The services of MythTV are divided into two major groups; the frontend and the backend. The frontend is the GUI that one sees when you are watching the content and choosing what to watch. The frontend has themes that change the look of the interface. The frontend also renders the video that is displayed which is not insignificant when it comes to high definition content. Some MythTV plug-ins are also a part of the frontend that extend functionality such as browsing weather or playing music. On the other side the MythTV backend is the brains behind the scenes. It interfaces with the MySQL database and the capture cards to schedule and record the content. The backend sends the data that the frontend displays and provides the schedule information that it has received from the selected data services company. See Zap2it article
The frontend and the backend typically run on the same computer in most setups I have seen and used. This makes the setup straight forward. MythTV has an excellent network code that allows the very efficient communication between the frontend and backend even on separate computers. This is put to the test with high definition content with a very high bit-rate but performs admirably on wired gigabit ethernet. I know what you are thinking with wi-fi but this is too much bandwidth for A/B/G wireless LAN when it comes to HD. Standard definition does work with my wireless. There are reasons and advantages to separating the frontend from the backend. The most obvious reason is to divide and conquer the tasks. Commercial flagging and compression to Xvid on the backend will not make your HD content playback choppy if they are on different computers.
In my case I wanted to have a central server that was located in my office running the backend. This was most convenient for my cable drops in my house and it allowed me to use this computer as my main office computer as it was the most up to date computer. I wanted to watch the MythTV in my office so I also put a frontend on it but I also wanted to watch the content on my main TV in the living room. I made a frontend computer with relatively good components that were as silent as possible. I used an overclocked AMD FX-55 with an Artic Cooling CPU fan that was very quiet. I used a Nvidia 7600GS video card that was passively cooled for no noise. I used the bare minimum of hard drive capacity because nothing was recorded on this computer. I used an off brand case with large 120 mm fans to be as silent and efficient as possible. Finally I put a creative sound blaster Audigy sound card to have good sound. One other thing I did was to not plug in any of the blue LED's that would flash and turn on with the case because I did not want the distraction of these watching TV. The simple power on / off LED was all I needed to see. I could make all of these decisions based on the specialized function of the computer being a frontend only. One thing this really helped with was cable clutter. I could have a single power cord, audio cable, network cable, and video cable coming out of the frontend computer which helped make the system look very clean. No coax from the wall and splitters opon splitters to the multiple tuners etc.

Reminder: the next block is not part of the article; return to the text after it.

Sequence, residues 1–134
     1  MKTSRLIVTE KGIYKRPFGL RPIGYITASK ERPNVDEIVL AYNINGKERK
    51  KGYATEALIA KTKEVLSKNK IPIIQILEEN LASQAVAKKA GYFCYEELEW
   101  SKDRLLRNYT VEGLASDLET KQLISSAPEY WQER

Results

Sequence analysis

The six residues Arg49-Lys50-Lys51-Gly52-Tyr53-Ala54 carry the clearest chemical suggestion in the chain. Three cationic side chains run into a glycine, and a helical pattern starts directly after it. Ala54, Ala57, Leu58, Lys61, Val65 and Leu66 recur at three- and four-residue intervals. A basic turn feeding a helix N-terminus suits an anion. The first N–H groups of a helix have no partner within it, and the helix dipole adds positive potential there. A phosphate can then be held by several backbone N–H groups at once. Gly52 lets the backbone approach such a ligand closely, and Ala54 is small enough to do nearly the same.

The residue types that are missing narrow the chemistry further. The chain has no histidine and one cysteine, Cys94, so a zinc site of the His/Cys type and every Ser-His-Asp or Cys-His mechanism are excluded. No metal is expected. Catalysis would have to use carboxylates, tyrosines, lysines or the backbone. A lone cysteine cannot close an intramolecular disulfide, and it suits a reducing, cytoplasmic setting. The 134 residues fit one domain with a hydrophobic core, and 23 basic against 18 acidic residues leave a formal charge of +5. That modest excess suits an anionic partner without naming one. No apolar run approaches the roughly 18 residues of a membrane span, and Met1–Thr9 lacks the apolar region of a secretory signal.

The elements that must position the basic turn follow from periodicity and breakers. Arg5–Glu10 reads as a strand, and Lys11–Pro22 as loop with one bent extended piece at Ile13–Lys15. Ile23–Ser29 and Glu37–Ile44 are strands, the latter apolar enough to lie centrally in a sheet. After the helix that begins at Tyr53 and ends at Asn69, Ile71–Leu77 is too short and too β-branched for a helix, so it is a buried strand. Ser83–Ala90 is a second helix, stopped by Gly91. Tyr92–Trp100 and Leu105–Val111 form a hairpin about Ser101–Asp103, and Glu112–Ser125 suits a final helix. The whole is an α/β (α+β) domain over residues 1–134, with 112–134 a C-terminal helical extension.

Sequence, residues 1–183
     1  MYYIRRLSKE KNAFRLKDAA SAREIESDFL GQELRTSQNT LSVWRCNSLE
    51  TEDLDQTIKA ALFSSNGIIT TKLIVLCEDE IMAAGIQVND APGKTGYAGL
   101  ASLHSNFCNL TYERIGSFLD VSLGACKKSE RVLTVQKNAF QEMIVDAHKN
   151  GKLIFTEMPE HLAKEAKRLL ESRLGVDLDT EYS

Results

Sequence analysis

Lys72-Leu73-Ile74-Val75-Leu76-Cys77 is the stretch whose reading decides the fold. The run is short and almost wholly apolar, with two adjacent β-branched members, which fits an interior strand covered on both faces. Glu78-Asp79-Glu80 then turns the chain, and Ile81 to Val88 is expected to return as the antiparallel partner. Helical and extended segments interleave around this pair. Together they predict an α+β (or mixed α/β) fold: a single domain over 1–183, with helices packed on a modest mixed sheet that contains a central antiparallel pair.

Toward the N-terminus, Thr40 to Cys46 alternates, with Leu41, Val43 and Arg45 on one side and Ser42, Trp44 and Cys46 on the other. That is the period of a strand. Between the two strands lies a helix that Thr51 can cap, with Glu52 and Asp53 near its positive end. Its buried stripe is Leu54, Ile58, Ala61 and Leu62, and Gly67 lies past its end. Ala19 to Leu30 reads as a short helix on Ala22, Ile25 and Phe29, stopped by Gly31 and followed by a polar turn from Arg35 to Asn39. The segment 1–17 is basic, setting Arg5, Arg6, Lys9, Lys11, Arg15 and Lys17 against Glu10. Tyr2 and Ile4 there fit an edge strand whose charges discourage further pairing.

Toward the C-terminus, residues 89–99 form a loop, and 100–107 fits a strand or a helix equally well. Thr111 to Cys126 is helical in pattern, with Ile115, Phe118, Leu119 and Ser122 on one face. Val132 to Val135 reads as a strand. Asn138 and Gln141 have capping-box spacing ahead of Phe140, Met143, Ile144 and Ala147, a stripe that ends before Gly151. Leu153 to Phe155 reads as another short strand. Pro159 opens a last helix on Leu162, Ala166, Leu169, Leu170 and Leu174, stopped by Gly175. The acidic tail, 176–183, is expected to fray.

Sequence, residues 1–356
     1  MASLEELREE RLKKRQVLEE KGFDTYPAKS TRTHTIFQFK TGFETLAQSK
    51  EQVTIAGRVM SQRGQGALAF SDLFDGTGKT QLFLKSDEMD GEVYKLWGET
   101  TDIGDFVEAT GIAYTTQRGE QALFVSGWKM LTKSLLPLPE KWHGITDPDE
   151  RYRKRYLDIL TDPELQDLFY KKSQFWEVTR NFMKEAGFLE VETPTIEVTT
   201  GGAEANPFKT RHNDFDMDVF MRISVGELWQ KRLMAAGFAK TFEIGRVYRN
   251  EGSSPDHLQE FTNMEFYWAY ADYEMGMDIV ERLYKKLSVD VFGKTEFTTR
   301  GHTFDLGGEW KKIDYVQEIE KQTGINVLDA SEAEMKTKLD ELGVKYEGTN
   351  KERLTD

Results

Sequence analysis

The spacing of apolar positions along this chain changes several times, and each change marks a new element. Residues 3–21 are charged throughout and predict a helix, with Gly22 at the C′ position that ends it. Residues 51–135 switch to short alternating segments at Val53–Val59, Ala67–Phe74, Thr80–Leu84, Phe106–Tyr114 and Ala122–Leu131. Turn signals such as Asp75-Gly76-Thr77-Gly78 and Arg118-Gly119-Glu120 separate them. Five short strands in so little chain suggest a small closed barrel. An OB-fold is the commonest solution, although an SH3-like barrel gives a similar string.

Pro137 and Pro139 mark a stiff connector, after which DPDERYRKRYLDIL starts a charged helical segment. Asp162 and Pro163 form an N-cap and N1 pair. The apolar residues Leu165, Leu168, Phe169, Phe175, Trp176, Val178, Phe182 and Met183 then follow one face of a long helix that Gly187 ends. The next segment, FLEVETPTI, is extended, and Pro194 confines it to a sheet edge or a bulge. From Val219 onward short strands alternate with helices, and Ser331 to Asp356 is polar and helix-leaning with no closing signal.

The preparation for separating the frontend from the backend is making the MySQL database that MythTV uses accessible to the LAN.
sudo nano /etc/mysql/my.cnf
You need to comment out the bind-address line like so:
#bind-address = 127.0.0.1
Then you can restart your computer so that this new parameter is passed into the MySQL database as it initializes.
The frontend box is just a base install of Ubuntu 7.04 that has been fully updated. Instead of installing Mythtv from the application manager you search for mythtv-frontend. When you install this package all of the packages needed for just the frontend are installed.
Jul 7, 2007
I bought a Nokia N770 from the recent Woot.com offering. I had immediately envisioned a wireless remote scheduler for my Mythtv backend in the other room. Using Mythweb allows for one to schedule and manage the recordings on the Mythtv. If you have Mythtv just use the application manager in Ubuntu to search and install Mythweb. This install is insecure as in it allows anyone on the LAN to access and change your Mythtv recordings etc. Use on a private LAN or take some mesures to secure the accessibility.
Mythweb seems to be perfect for use with the Nokia's 800 x 480 native resolution. I just put the IP address of the computer with the \mythweb and load the webpage. This would presumably work just as well with Apple's new IPhone. I think the screen of the Nokia 770 is slightly more high resolution than the IPhone but it would work.
I also found an application that will stream video and audio to the Nokia 770 called GMyth